Of late there’s been a lot of talk about missing teens and the fact that they’re most often categorized as “runaways.” Some people see this term as pejorative or dismissive. It’s apparent that many people visualize Opie with a bundle and stick over his shoulder in Mayberry when it should be apparent that a runaway can be in as much danger as a child who has been abducted.
I tried to explain this to a group on Facebook, but when I tried to explain that most of the missing girls in D.C. are runaways they accused me of being dismissive. Nothing is further from the truth, but when they claimed that the states get $72,000 per child, I quickly realized they had no idea what they were talking about and moved on. More the fool I, given that I swore no more arguing with folk on social media. I’m too old for that crap. So, I’m posting this here from the perspective of someone who has professional experience with this population.
For the sake of clarity I’m going to hit a few random bullets of issues that come up repeatedly when this discussion is occurring. Since my area of expertise is teenagers, I’ll limit this post to them. Younger children are a whole other discussion.
- Amber Alerts can ONLY be issued when there’s evidence that a child has been abducted. They’re not issued every time a child goes missing, there are criteria to be met. This is skewed more toward younger kids, because they’re unlikely to decamp of their own accord.
- Some states will not take a missing persons report on people over a certain age (this varies depending on state) unless there’s evidence that the person did not leave on their own.
- Generally missing teens are found within 24/48 hours usually with friends or family members.
In general, children do not run away from stable, safe environments. With chronic runaways there’s almost always some type of abuse occurring in the home. Of course, there are exceptions, but kids don’t run for no reason.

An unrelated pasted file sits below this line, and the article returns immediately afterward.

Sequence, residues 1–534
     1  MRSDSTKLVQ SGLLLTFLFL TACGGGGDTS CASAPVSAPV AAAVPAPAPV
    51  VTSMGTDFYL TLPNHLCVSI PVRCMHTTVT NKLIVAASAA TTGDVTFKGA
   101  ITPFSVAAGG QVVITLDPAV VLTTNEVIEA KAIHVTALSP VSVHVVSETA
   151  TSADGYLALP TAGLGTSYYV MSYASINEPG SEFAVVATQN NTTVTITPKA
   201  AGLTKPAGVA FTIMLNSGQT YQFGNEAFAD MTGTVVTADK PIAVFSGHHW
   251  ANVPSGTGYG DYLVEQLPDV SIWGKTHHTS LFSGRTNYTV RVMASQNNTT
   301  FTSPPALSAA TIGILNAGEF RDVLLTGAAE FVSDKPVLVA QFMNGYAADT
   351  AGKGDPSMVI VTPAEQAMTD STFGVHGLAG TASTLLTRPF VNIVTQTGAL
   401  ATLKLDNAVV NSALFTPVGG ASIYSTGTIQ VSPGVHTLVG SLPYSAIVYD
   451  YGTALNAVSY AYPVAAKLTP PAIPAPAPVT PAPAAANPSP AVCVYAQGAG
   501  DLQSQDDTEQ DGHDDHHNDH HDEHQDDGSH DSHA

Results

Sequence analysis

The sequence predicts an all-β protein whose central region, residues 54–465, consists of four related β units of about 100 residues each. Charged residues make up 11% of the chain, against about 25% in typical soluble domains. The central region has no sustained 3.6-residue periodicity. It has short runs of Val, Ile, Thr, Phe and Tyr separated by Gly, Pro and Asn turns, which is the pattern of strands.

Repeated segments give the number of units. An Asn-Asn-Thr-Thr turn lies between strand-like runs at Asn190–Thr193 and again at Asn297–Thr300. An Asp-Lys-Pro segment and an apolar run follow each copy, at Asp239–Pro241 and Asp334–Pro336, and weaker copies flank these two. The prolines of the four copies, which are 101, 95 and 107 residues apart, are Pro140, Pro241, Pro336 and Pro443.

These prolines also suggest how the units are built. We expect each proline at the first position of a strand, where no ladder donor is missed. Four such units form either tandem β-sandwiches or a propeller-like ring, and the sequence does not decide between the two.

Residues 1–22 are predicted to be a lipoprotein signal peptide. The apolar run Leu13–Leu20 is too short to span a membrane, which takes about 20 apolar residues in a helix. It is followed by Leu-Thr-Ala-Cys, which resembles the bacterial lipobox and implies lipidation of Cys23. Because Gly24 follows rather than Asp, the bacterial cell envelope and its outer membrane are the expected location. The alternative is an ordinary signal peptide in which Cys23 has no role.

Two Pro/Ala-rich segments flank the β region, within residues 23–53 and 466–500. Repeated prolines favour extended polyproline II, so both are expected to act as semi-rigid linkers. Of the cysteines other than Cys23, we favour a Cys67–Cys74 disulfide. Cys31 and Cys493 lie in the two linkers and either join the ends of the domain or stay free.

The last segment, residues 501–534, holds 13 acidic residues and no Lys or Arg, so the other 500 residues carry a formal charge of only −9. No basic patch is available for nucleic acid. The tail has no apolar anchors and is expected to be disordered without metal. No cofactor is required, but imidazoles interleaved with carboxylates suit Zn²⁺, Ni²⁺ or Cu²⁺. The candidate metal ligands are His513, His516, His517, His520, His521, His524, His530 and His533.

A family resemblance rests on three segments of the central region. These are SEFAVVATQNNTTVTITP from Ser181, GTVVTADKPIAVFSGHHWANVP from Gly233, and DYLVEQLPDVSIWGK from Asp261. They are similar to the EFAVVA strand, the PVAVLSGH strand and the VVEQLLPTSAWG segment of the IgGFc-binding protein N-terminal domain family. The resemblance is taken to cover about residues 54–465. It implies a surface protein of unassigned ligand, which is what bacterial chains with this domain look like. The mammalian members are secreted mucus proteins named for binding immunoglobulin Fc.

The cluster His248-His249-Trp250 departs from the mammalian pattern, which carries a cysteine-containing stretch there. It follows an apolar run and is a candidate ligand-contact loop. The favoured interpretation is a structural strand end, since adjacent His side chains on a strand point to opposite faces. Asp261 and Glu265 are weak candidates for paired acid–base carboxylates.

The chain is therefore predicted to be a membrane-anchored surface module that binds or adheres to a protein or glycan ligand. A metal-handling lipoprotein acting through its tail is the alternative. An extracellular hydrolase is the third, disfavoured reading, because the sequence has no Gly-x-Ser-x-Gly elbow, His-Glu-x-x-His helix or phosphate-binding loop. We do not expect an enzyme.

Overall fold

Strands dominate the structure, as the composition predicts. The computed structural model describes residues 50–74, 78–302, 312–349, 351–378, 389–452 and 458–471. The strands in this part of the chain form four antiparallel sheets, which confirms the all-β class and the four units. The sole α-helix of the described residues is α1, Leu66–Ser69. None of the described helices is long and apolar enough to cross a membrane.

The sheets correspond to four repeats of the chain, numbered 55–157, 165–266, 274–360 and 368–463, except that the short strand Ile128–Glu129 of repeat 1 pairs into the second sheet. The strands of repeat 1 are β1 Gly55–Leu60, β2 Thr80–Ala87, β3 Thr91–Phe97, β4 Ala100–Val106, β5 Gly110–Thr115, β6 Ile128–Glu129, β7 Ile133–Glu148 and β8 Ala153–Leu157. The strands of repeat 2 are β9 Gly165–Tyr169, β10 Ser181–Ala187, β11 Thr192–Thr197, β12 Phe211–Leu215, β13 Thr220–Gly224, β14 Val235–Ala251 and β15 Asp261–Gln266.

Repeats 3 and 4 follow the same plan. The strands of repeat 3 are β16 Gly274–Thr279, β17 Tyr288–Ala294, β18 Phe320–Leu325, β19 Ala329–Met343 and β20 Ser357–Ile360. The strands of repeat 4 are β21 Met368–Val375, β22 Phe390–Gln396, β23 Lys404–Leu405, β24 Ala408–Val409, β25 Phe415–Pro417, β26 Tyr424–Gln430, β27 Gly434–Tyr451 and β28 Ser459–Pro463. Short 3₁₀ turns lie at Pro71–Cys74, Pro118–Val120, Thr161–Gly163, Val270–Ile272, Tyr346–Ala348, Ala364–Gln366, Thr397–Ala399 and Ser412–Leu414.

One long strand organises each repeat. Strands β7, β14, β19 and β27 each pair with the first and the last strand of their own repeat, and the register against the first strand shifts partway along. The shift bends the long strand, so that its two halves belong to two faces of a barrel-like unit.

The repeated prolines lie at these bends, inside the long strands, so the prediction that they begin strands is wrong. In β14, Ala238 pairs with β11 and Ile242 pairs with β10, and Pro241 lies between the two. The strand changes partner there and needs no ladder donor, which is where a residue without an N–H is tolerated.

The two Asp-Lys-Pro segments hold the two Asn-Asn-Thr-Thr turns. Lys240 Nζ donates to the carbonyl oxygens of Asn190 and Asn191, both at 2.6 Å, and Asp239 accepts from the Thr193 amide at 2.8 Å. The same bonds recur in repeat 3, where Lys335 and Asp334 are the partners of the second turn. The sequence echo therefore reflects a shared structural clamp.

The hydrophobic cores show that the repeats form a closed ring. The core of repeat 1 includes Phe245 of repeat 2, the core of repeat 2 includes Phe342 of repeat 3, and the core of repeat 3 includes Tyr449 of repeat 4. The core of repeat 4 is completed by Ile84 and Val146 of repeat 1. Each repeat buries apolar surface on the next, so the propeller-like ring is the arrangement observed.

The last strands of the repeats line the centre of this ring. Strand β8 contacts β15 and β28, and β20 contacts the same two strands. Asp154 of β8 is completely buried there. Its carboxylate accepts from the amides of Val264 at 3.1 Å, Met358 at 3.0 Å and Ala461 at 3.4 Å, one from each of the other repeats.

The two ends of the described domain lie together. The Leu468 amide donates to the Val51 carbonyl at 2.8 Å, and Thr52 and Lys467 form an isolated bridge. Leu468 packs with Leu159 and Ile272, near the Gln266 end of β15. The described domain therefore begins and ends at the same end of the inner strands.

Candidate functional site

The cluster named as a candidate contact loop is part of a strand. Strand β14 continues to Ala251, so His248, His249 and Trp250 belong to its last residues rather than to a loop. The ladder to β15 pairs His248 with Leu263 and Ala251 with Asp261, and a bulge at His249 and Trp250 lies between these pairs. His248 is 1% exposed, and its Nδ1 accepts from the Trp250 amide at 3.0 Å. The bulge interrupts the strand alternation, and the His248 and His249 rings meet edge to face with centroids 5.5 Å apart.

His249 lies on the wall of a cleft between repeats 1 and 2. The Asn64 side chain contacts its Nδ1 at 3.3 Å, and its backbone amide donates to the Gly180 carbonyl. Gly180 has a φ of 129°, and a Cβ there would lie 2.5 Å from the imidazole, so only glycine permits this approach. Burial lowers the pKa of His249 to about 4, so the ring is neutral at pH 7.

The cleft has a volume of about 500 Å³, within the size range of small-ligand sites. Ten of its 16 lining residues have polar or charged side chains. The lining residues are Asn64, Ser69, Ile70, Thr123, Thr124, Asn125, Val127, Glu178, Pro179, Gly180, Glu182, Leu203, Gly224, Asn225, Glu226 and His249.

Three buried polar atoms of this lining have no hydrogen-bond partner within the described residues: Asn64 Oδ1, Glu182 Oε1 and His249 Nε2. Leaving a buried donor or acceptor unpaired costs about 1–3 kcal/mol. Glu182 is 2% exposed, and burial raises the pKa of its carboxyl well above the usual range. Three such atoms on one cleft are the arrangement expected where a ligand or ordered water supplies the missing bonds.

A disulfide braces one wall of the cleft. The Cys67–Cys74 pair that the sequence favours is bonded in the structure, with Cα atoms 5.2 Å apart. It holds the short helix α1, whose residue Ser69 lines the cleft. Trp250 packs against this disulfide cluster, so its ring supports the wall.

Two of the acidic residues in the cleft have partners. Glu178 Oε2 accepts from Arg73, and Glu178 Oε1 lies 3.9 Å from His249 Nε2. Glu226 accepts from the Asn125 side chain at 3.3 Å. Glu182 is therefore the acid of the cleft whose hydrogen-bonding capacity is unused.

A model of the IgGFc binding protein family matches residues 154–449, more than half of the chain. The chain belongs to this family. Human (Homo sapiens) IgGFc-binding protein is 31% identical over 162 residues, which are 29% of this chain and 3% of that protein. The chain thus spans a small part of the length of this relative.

Most of the time if a teen girl is missing there’s a male, usually an adult involved. Girls run away more than boys, probably because of being lured by men. Boys don’t run as often, but when they do, they run farther and it can be more random. This is especially true of white males.
So, as you can see there’s certainly plenty of danger involved when a child runs away. It’s nothing something to dismiss, which is why I think we should consider using the term “lured away,” at least when we know or suspect that a child might have been targeted, and almost all of them are. If not initially, certainly within hours or days of being on the street. It’s so pervasive that these predators will actually set up “shop” near group homes so they can prey on girls in foster care.
And that’s another issue that must be acknowledged, most of the teens who do go missing in this country are in foster care. Law enforcement generally can’t mention that because of HIPAA regulations. Foster care is literally a bullet train into commercial rape for many young girls. This goes back to a post I made a while back about sex trafficking and how prevalent it is.
Now that I’ve depressed you out of your mind, I can think of certain measures we can take to address these issues.
- Strengthen families and provide services and support to keep children in intact homes.
- If children do have to leave their families of origin work hard to maintain a “kin first” model.
- Provide support to our foster care system so we can have more and better foster homes so children don’t have to go in group homes.
- Use better terminology liked “lured away,” and carefully explain the dangers of the street to people so they understand runaway is not a trivial issue.